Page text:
What Is A Laser Cutter Used For?

As you can probably guess based on the name, a laser cutter is used to cut patterns and designs into materials with a beam of energy that either melts, burns or vaporizes different materials. They are very useful for getting highly accurate, intricate or difficult designs etched into a range of different materials.

Laser cutters can be calibrated to create different designs and patterns and are ideal for materials such as wood, glass, paper, metal and plastic. They are highly versatile and can create intricate designs without the need for many different specialised tools. Laser cutters use a very thin and highly focused beam to cut shapes and patterns into materials.

A brief history

The laser cutter was invented by Kumar Patel who first began to research the technology in 1961 when he joined Bell Labs, by 1963 he had begun work on the C02 laser cutter which nowadays had the most modern-day applications of any type of system. The modern-day systems are used to engrave and etch materials such as acrylic, wood, cardboard and even MDF.

Modern applications

So what is a laser cutter used for? They are used in a variety of industries such as home design, electronics industries, medicine, aerospace, automotive industries and they’re also used for stationary, décor, appliances and met cutting. Additionally, they’re used as semiconductors and are used for cutting silicones, ceramics and other materials. One of the newest uses for them is in surgery which is being used in place of the scalpel for high precision procedures.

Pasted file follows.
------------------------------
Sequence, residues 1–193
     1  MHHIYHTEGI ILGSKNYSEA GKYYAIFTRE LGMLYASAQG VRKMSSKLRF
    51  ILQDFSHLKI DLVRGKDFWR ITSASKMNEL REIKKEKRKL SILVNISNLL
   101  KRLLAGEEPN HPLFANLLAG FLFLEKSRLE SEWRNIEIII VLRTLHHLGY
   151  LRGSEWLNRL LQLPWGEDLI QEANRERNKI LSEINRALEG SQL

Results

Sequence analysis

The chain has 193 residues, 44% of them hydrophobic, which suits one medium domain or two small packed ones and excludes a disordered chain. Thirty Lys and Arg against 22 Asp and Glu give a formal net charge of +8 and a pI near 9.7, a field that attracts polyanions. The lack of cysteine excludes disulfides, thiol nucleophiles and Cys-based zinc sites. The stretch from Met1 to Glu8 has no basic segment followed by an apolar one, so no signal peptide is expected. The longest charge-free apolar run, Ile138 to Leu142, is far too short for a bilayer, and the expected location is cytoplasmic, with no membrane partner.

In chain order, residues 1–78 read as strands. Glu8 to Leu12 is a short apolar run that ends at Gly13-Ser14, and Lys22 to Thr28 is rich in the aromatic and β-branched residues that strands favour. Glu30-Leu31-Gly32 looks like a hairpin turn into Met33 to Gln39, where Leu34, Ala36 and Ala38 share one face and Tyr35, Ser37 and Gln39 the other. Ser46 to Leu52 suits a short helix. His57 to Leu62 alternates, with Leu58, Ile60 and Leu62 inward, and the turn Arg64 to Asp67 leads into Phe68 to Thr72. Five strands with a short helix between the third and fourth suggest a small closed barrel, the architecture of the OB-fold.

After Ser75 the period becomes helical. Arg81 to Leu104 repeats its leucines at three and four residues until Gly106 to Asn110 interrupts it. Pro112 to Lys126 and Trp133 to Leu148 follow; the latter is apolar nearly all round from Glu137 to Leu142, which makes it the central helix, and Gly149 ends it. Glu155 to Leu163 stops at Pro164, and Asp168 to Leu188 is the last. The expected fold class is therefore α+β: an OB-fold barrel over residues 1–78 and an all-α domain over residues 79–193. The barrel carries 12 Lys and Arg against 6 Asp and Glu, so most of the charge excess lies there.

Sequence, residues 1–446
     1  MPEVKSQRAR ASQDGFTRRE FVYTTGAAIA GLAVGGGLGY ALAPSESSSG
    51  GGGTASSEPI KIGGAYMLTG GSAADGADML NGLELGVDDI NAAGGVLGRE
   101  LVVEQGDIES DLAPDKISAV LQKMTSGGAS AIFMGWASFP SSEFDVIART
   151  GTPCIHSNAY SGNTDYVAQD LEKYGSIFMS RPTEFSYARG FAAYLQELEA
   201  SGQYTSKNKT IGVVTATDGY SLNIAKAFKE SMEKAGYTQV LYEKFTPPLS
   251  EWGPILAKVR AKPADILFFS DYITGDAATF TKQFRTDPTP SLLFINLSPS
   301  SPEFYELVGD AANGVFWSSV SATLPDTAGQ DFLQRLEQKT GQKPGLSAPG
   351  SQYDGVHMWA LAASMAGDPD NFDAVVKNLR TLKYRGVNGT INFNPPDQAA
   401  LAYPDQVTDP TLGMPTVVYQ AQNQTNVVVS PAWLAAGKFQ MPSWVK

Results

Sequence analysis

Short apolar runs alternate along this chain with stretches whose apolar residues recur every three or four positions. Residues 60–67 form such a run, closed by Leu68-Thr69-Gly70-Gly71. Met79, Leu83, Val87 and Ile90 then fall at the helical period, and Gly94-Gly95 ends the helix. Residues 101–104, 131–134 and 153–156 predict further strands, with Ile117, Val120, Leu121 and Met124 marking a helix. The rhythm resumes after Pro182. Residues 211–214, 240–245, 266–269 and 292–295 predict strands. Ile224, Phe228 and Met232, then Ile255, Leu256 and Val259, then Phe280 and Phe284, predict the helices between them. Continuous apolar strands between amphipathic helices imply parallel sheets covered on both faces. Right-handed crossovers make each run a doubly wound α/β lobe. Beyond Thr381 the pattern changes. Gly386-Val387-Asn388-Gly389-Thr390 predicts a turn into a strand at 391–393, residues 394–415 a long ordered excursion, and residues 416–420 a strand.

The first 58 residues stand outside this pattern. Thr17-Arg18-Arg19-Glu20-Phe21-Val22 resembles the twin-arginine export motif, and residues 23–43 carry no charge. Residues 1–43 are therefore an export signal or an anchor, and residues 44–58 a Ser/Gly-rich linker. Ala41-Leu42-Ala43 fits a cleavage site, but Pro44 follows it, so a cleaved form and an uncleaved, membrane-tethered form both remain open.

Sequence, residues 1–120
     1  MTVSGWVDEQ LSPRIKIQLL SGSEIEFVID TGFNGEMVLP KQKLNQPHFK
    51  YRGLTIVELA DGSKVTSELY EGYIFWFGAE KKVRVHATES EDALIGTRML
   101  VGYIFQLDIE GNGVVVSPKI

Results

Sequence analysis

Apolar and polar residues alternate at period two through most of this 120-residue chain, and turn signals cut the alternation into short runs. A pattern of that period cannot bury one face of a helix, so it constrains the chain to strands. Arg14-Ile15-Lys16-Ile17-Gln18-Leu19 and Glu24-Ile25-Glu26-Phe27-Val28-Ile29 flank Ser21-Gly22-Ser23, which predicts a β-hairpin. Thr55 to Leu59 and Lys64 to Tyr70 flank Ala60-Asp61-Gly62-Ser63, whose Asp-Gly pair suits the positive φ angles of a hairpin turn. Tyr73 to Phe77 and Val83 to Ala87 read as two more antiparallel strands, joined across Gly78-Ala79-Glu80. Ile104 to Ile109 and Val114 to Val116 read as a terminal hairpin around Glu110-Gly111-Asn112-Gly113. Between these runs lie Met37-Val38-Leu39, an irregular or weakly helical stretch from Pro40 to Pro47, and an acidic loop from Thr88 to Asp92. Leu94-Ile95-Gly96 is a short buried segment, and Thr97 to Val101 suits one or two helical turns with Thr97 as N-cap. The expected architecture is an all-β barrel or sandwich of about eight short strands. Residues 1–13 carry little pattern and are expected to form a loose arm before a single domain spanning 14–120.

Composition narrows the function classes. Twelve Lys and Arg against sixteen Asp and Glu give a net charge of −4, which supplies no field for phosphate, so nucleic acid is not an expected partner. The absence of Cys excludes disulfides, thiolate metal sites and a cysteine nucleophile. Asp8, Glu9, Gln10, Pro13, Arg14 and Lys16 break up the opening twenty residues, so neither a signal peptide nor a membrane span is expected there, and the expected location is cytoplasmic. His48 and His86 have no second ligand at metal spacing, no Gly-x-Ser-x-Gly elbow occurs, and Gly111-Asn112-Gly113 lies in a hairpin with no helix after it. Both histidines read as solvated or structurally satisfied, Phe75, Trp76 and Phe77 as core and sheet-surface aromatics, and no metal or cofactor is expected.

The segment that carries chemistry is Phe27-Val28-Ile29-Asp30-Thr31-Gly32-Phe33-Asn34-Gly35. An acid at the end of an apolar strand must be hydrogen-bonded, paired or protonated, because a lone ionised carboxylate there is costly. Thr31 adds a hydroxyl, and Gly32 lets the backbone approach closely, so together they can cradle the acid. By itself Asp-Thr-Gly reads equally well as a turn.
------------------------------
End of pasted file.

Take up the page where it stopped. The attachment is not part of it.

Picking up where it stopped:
How it works

worker using a laser cutter

These systems work by pointing a beam usually between 0.1 and 0.3 mm in diameter at material to cut it. The power of the laser cutter may need to be adjusted depending on the thickness or reflectiveness of the material. Materials with heat conductive properties are not always the best to use with the systems as they conduct a lot of heat and need very powerful machines.

They work by using something called a resonator which emanates the beam through and airtight glass tube which contains gases such as C02 and hydrogen, nitrogen and helium. The light is focused by mirrors which forces the beam through a curved lens to turn it into a single point , the beam contains highly concentrated gases like nitrogen and oxygen which can melt or cut materials. The cutting head is most often controlled by a chain that allows the laser cutter to make very precise movements in a small area.

When it comes to the system the plate and the nozzle is important, it impacts on the focal point and can impact on the quality of the cut, the intensity of the beam and the speed at which it cuts the material.

Types of systems

There are different kinds of machines available on the market which are useful for different applications. High powered machines are great for professional uses such as cutting plastics or metals whilst lowered powered machines are great for thinner materials such as plastic, card, papers and wood.

C02 machines are the most popular as they create a smoother finish and are less expensive. They’re also good for cutting and mastering a wide variety of materials. There are also crystal machines which are great for stronger and thicker materials. There are also fiber machines which are much more energy-efficient than other machines and are great for cutting reflective materials. They are cheaper and longer-lasting than high powered crystal machines, and much more efficient.

Out of all the options, C02 machines are the most common for both hobbyists and professionals.